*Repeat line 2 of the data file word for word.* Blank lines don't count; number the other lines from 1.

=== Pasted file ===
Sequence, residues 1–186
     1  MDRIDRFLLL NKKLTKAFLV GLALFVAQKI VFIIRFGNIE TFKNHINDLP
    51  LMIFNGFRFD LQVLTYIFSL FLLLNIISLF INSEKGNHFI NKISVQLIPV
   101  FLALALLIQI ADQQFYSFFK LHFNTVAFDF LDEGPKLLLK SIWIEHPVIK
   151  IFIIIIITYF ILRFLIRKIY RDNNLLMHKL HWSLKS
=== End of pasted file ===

     1  MDRIDRFLLL NKKLTKAFLV GLALFVAQKI VFIIRFGNIE TFKNHINDLP